“Because people already had this heightened sense of fear after the fires, anyone who had even a slight sniffle went and got themselves tested. So there wasn’t a big outbreak because our community did the right thing.”

But, in an already fragile community, he says the emotional impact of COVID has been greater.

“COVID testing happened where the [bushfire] evac centre was. So I think it would have been a bit of a trigger for people as they were passing the evac centre to see all these cars there,” Knight explains.

“I think the fact there’s been one thing after another, after another, [that] has worn people down. There was this real sense of resilience when the fires were going, of strength and courage, which was quite visible. But that has kind of waned.”

“There’s going to be a lot of grief over this Christmas period. That’s where we need to shine the hope of Jesus.” – Ben Knight

He expects this Christmas could be “really hard for a lot of” the local community.

“The thing that I’m worrying about this Christmas is that there hasn’t been many victims of the fires who have actually completely rebuilt their homes.

“Those who had dreams of their house being fully completed and having a nice Christmas in their new home, all those dreams have kind of been dashed, not to mention the isolation that’s come through COVID so people may not be able to see family through Christmas.

“So there’s going to be a lot of grief over this Christmas period. That’s where we [the Salvation Army] and the rest of the churches in the Bay need to shine the hope of Jesus. It’s really needed over this period.”

As Knight and other local churches come together to host this year’s community lunch on Christmas Day, Knight hopes to make it feel like a “blessed and sacred space” for those who attend. The lunch will look a little different this year, thanks to COVID, as it will be hosted at three different sites in order to reduce the number of people gathered in one place. So, as well as the Salvation Army, local Catholic and Anglican churches will also host lunches.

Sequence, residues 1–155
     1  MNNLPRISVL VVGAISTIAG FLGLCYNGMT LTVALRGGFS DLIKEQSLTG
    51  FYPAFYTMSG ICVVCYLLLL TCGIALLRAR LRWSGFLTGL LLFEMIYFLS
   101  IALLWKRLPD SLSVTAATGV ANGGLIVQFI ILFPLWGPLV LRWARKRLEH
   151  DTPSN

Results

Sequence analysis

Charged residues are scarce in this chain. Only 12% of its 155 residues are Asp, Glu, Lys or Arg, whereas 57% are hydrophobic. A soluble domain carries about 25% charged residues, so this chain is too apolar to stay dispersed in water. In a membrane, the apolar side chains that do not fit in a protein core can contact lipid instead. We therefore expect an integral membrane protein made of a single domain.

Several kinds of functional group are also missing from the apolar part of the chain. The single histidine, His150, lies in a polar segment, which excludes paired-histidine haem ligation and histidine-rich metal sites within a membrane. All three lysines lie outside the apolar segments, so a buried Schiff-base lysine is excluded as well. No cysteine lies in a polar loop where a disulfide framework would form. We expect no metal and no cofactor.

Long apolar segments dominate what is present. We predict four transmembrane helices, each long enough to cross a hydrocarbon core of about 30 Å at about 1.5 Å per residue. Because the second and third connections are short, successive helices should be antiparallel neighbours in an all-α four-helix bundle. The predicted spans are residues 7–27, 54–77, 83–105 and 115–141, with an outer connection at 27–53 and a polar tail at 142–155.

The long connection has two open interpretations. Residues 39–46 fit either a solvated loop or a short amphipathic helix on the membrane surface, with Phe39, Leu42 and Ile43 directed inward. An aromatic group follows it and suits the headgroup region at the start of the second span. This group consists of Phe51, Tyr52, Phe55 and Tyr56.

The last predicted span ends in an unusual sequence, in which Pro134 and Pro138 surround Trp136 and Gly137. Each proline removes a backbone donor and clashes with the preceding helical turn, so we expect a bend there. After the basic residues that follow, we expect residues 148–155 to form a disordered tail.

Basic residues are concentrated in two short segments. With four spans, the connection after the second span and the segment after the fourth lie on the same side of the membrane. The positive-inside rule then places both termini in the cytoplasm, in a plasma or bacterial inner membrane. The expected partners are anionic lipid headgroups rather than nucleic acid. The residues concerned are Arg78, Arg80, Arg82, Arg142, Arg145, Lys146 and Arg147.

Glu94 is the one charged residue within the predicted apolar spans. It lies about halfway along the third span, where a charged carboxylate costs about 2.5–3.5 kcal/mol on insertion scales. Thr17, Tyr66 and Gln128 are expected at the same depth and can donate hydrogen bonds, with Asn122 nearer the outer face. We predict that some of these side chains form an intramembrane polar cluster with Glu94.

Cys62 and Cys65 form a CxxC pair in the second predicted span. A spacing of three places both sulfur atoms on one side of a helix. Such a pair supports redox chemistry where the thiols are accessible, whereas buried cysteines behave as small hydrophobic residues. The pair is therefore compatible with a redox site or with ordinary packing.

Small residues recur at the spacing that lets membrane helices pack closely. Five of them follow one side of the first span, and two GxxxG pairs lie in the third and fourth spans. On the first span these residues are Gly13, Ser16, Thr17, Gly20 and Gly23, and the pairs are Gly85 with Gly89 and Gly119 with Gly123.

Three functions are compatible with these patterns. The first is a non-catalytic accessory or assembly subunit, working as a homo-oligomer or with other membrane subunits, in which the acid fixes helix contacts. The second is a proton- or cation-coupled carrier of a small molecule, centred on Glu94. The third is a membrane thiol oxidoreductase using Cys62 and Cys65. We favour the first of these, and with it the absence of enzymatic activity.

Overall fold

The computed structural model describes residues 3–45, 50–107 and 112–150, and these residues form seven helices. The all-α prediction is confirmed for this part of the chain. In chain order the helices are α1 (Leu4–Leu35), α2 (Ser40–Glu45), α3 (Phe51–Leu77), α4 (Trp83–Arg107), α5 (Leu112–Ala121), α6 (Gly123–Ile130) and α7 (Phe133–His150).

“We need unity and community now more than ever,” says Knight. “That was shown in bucketloads during the fires, especially. But I think we also need each other over this period. We need people looking out for each other, encouraging each other to keep going and to keep moving in the right direction.”

“I think that peace is what the whole world needs after what we have been through this year.” – Ben Knight

At the end of the conversation, Knight tells Eternity that, sadly, this will be his last Christmas in the Bay. In January, after four years there, his family is moving back to Sydney, where he and Rachel will serve at Sydney Inner West Salvos.

“That’s going to be really hard for us, and we’ll be grieving a lot of relationships that have been built. But we’re excited about how God’s going to use us,” he says.

As well as a simple taste of “normalcy”, Knight’s parting prayer for the Batemans Bay community – and indeed for the whole world – is for peace.

“I think our community needs to feel a sense of peace (that’s the big word that I feel like the Lord has revealed to me) over this Christmas period and over the next year. That’s not peace as in there will be no more problems, because there’s always going to be issues.

“But that we as the church can show people that they can have peace in Jesus Christ, where despite our life circumstances, we have peace in the knowledge of the salvation of our Saviour. I think that peace is what the whole world needs after what the world has been through this year.”